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  1. Excellent! Thanks, Jacob. If I sell my Volumes I and II and maybe a Henley, I might just be able to afford that. Strange that I couldn't find that copy with a google search.
  2. Hah! No, Jacob, I like all my violin books, especially the Jalovecs and the Lutgendorff. Now I need to get the Volume 3 -- very rare it would seem. Good question, Brad. I've always thought that Jalovec had more names, but you forced me to be a bit more objective. Attached are the first pages of the makers' list from Lut. Vol 2 (second photo) and Jal. Encyclopedia. From Aabenmund and Joseph Achner, it looks like Jalovec has about twice as many references, mainly some French and Italians that Lutgendorff excluded. Presumably Jalovec had access to Poidras and other sources published after Lutgendorff. Also, comparingi the Lut. Vol. 1 and the Jal. Encylopedia vioiin photos, it also seems that Jalovec has a different source for his pictures.
  3. Thanks, Jacob. I will keep an eye out for the Lutgendorff Volume III. That's the edition listed with Thomas Drescher, 1990, right? FWIW it's worth, all the various Jalovec editions are available in English. Maybe not "good" translations, but surely better translations of the original German than is available from the Google Translator. As far as plagiarizing, the "German/Austrian Makers," the"Violin Makers of Bohemia," and the 2-volume Encyclopedia all include the credit "Material from Lutgendorff's Die Geigen- und Lautenmacher von Mittel-alter bis zur Gegenwart is being used by permission of the publisher, Mr. Hans Schneider,of Tutzing bei Munchen." The "Italian Violin Makers" does not include that reference. From experience and without offering any opinion on the credibility of such, I believe all the volumes contain at least some information that was never original to Lutgendorff, like photos.
  4. I had never heard that a volume 3 exists. If you want a good translation, look for volumes 1 and 2 of Jalovec's encyclopedia.
  5. You mean like here: https://www.ebay.com/itm/115368941041 ?
  6. Uguntde, here are some interior photos of a violin labeled and signed Collin-Mezin: https://www.facebook.com/iriscarrrestorations/photos/pcb.146506683855824/146506560522503 . Are those blocks what you would call "square shaped"? I assume the wide linings there are what you call "high." Just curious about the terms. Also, I have seen your statement "Originals always have the signature" elsewhere, but I can find a couple older C-Ms offered by prestigious shops that sport labels by other makers. That suggests to me that some instruments left the shop without the C-M label and signature. I wonder how common that might be. ???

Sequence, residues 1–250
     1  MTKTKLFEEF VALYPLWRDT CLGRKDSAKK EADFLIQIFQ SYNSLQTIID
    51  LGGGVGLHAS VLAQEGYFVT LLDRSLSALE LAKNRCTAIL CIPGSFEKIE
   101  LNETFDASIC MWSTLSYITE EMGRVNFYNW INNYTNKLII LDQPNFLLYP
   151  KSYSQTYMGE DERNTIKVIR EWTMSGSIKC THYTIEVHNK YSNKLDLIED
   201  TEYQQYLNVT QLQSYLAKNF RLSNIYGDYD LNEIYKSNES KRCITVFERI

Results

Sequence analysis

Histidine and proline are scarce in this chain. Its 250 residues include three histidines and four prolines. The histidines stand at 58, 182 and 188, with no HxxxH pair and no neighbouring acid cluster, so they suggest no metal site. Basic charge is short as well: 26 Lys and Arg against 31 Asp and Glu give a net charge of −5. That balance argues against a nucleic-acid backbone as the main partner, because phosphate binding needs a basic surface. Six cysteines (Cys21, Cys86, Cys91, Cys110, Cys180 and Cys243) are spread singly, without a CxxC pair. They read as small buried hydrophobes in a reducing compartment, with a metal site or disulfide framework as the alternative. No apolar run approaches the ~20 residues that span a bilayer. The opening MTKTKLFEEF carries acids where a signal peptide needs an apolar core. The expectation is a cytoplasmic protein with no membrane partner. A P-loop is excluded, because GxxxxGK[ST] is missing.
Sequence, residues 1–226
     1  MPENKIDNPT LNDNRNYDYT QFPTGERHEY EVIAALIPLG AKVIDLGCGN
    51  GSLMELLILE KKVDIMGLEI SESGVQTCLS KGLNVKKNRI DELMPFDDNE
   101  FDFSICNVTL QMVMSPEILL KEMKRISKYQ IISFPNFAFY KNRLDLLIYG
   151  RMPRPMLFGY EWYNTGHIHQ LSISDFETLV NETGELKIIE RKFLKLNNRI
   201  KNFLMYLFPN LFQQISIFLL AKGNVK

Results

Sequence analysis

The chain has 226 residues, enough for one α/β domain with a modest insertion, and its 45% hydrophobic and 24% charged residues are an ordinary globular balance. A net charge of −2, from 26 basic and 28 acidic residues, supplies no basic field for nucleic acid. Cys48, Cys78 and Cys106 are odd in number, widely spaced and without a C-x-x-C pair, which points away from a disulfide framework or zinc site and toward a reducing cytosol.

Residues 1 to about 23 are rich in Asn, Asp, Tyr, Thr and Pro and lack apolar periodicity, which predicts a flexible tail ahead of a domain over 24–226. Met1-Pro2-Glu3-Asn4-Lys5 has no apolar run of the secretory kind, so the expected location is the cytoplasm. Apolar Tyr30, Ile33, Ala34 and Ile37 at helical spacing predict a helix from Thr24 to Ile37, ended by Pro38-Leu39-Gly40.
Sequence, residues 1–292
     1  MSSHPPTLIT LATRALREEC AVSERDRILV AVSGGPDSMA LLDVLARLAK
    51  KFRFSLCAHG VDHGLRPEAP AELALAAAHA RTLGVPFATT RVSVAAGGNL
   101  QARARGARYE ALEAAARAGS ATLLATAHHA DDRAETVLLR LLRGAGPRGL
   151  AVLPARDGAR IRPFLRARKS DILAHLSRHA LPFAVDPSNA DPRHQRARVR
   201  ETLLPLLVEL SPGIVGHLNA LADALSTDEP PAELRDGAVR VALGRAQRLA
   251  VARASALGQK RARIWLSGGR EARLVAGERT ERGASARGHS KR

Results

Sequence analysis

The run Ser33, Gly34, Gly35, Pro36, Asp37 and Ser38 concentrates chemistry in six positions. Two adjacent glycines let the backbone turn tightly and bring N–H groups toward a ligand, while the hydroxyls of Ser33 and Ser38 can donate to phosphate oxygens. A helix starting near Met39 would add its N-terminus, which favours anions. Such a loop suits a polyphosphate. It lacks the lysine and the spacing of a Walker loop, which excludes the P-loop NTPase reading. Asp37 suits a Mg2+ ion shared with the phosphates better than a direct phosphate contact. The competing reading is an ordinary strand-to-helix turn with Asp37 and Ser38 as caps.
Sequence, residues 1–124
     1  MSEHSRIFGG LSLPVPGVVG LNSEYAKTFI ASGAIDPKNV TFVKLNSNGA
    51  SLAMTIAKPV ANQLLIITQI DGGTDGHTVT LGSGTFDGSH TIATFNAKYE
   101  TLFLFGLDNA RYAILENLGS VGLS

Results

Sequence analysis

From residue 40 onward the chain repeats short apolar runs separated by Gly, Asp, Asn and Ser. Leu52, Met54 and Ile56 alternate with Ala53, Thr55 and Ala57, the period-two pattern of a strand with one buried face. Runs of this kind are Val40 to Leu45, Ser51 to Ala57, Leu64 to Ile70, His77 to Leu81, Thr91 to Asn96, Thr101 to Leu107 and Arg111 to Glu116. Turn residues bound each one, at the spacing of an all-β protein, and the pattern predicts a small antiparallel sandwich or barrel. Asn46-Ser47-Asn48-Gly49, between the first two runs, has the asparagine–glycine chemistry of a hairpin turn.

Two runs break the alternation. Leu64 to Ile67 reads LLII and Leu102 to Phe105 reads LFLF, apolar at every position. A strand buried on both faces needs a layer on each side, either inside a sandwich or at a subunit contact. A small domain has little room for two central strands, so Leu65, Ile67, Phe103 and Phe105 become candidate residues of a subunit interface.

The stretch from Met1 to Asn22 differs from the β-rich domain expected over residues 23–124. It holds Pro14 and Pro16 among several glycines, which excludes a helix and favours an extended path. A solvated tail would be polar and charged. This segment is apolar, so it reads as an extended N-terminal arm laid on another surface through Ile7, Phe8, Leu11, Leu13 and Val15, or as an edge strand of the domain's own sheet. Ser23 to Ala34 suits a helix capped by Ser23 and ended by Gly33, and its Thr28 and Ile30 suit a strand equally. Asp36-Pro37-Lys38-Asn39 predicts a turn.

7. Good distinction and certainly it was a spline, not a splice, that the original poster was asking about. Sorry for any confusion -- I was thinking splices. Just to be clear here is a "spliced" head repair, maybe on a Nurnberger, probably done many decades ago.
  8. In this discussion of splined bows, is the focus on splined heads or splined shafts. I would thin any loss of value would depend on where the break is, controlling for the quality and visibility of the repair. A spline under the wrapping might have relatively little negative impact compared with mid stick, no? A spline on the head might be worse yet? Or??
  9. When selling an instrument in a retail setting, would it be common for the sale to guarantee any existing post cracks and restore them if they do fail?
  10. From Martin Brinser's "Dictionary of Twentieth Century Italian Violin Makers," he was a pupil of Raff. Ronchini. Good work. Oil varnish, yellow-brown. In 1930 he emigrated to Toronto, Canada. Here's an auction for a cello with his label: https://app.amati.com/en/auction/1071-amati-specialist-28th-october/21-a-cello-probably-by-attilio-montanari-fano-circa-1918 . I have know idea if he actually made that instrument..
  11. Amen to that. I have Evah Greens on two late 19th century violins -- one French (Mirecourt), one German (Munich). The Munich violin produces a dark warm sound (I would say "clear"). The Mirecourt, while still very pleasant, produces a distinctly brighter sound (with just a bit of string scratch at the start of bowing) -- and that's after correcting the neck angle to modern standards.
  12. Richf

    Old bow

    I think I'm seeing the stamp "A Lamy A Paris." Staring too hard? FWIW I have a cello bow with deep thumb wear like on your bow. Mine also has a groove on the top, where the player's index finger rested. Until I had those "repaired," the bow was the super comfortable to hold.
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